Sermons

Summary: Does God care when we are unable to compete as others compete? Does it matter to Him when we are handicapped? A study of the life of an obscure man provides hope and instruction for each of us to look to God even when we are handicapped.

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“David said, ‘Is there still anyone left of the house of Saul, that I may show him kindness for Jonathan’s sake?’ Now there was a servant of the house of Saul whose name was Ziba, and they called him to David. And the king said to him, ‘Are you Ziba?’ And he said, ‘I am your servant.’ And the king said, ‘Is there not still someone of the house of Saul, that I may show the kindness of God to him?’ Ziba said to the king, ‘There is still a son of Jonathan; he is crippled in his feet.’ The king said to him, ‘Where is he?’ And Ziba said to the king, ‘He is in the house of Machir the son of Ammiel, at Lo-debar.’ Then King David sent and brought him from the house of Machir the son of Ammiel, at Lo-debar. And Mephibosheth the son of Jonathan, son of Saul, came to David and fell on his face and paid homage. And David said, ‘Mephibosheth!’ And he answered, ‘Behold, I am your servant.’ And David said to him, ‘Do not fear, for I will show you kindness for the sake of your father Jonathan, and I will restore to you all the land of Saul your father, and you shall eat at my table always.’ And he paid homage and said, ‘What is your servant, that you should show regard for a dead dog such as I?’

“Then the king called Ziba, Saul’s servant, and said to him, ‘All that belonged to Saul and to all his house I have given to your master’s grandson. And you and your sons and your servants shall till the land for him and shall bring in the produce, that your master’s grandson may have bread to eat. But Mephibosheth your master’s grandson shall always eat at my table.’ Now Ziba had fifteen sons and twenty servants. Then Ziba said to the king, ‘According to all that my lord the king commands his servant, so will your servant do.’ So Mephibosheth ate at David’s table, like one of the king’s sons. And Mephibosheth had a young son, whose name was Mica. And all who lived in Ziba’s house became Mephibosheth’s servants. So Mephibosheth lived in Jerusalem, for he ate always at the king’s table. Now he was lame in both his feet.”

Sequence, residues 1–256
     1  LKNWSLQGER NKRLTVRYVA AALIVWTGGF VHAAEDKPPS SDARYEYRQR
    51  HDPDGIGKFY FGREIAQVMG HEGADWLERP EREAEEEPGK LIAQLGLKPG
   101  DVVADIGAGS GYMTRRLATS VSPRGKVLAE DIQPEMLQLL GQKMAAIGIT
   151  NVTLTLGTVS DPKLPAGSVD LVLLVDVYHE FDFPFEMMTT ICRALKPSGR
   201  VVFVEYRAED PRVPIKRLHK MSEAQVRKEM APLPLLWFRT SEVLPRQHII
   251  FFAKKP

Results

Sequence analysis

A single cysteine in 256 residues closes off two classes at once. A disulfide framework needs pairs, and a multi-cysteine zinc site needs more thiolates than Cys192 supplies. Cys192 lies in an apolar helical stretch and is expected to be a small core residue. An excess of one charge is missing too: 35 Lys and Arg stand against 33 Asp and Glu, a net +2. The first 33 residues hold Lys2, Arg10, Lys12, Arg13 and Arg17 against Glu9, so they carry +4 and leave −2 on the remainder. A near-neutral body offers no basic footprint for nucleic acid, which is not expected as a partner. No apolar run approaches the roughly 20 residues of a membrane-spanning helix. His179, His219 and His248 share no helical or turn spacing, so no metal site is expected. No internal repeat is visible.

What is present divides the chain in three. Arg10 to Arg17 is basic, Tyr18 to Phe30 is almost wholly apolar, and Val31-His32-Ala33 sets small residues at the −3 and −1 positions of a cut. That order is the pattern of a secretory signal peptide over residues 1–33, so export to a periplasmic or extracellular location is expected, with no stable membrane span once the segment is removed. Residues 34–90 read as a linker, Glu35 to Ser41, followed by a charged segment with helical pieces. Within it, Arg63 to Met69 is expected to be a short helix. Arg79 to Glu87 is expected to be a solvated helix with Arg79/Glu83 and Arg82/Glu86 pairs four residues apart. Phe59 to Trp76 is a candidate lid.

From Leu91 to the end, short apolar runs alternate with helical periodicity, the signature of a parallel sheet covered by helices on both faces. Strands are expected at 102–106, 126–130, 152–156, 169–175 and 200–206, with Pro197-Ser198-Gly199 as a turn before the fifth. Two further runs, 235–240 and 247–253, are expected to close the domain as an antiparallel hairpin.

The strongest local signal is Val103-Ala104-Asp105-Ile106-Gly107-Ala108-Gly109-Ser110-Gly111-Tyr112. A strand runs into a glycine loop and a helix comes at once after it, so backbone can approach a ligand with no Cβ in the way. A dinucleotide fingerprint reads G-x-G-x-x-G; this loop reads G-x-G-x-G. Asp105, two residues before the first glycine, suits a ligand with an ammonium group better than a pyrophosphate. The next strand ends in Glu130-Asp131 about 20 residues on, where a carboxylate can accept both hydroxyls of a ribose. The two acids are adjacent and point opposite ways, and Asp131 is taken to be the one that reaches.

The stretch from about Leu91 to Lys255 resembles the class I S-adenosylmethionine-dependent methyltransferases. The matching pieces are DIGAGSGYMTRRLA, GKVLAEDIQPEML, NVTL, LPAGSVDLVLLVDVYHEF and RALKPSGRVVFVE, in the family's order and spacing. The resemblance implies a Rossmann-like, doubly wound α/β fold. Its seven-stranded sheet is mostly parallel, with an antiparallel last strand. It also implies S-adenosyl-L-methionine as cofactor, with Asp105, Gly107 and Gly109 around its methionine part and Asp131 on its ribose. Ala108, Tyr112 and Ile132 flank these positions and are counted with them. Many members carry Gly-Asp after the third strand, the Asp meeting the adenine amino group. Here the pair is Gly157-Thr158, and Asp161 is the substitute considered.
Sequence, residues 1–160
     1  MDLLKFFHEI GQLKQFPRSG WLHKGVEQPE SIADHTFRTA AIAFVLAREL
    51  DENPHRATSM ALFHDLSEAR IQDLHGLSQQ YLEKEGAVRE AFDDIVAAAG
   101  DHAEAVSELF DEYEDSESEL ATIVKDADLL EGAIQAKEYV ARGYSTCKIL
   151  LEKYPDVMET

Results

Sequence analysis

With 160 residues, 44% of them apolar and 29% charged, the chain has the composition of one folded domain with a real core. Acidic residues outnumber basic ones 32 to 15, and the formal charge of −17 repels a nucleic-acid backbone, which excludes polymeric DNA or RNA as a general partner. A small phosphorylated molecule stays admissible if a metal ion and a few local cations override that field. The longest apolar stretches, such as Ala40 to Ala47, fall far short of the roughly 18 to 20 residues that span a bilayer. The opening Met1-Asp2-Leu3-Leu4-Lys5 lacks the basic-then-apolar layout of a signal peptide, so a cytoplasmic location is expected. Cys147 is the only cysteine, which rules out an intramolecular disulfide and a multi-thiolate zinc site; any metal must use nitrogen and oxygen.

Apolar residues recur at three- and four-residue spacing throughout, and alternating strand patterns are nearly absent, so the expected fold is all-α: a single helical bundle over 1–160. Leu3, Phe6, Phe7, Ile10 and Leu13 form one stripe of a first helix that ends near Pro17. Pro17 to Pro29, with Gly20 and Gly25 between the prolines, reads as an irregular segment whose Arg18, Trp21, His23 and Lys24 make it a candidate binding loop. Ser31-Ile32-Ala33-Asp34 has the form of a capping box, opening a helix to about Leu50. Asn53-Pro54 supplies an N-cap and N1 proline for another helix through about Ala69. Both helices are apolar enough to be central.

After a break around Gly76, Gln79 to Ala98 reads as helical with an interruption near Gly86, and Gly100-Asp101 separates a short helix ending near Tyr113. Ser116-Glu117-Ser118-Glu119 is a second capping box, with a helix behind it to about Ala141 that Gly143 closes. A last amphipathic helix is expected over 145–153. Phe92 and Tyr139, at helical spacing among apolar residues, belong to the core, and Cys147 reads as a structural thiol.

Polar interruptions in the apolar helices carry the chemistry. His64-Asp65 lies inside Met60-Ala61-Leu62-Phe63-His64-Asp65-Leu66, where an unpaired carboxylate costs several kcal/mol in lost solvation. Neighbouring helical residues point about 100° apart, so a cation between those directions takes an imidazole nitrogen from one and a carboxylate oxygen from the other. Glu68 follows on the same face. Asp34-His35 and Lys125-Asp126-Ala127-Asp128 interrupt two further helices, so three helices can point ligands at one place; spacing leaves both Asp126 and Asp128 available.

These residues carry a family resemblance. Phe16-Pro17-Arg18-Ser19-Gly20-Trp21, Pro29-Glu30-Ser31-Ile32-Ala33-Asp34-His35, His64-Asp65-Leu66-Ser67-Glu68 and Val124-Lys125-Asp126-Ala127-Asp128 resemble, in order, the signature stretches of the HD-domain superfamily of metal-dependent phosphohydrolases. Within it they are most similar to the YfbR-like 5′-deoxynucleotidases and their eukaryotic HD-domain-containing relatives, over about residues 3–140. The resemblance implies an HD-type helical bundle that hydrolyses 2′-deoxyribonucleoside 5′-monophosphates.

Lynda was nearly in tears. Our middle daughter was serving as a volunteer coach for Special Olympics, and the community in which we lived was hosting a track and field meet for the Special Olympians. Lynda and I encouraged our daughter in this labour of love. Accordingly, when opportunity was presented, we went to cheer on her eager athletes.

Reflecting on what it meant to live in a nation that demonstrated compassion for those who were not able in areas that we often take for granted left Lynda in a reflective mood. As we talked about the uniqueness of our Canadian experience contrasted to the sweep of human history, we swelled with pride for our nation and found ourselves giving thanks to God who had shown this nation such mercy. The evidence of divine mercy is the heritage of compassion demonstrated by national consensus. However, that kindness was not accidental.

If you doubt that assertion, ask yourself how many charities exist worldwide that were not initiated by Christians. In lands dominated by secularism, or dominated by any of a number of other religions, the least within society are seldom treated with compassion—they are cast aside or shunned. However, wherever the Christian Faith has prevailed, inevitably various charitable institutions are found, often preceding even the establishment of congregations for worship. Hospitals, hospices, orphanages, rescue missions and a multitude of other, specialised ministries of compassion give evidence of the presence of the followers of Christ.


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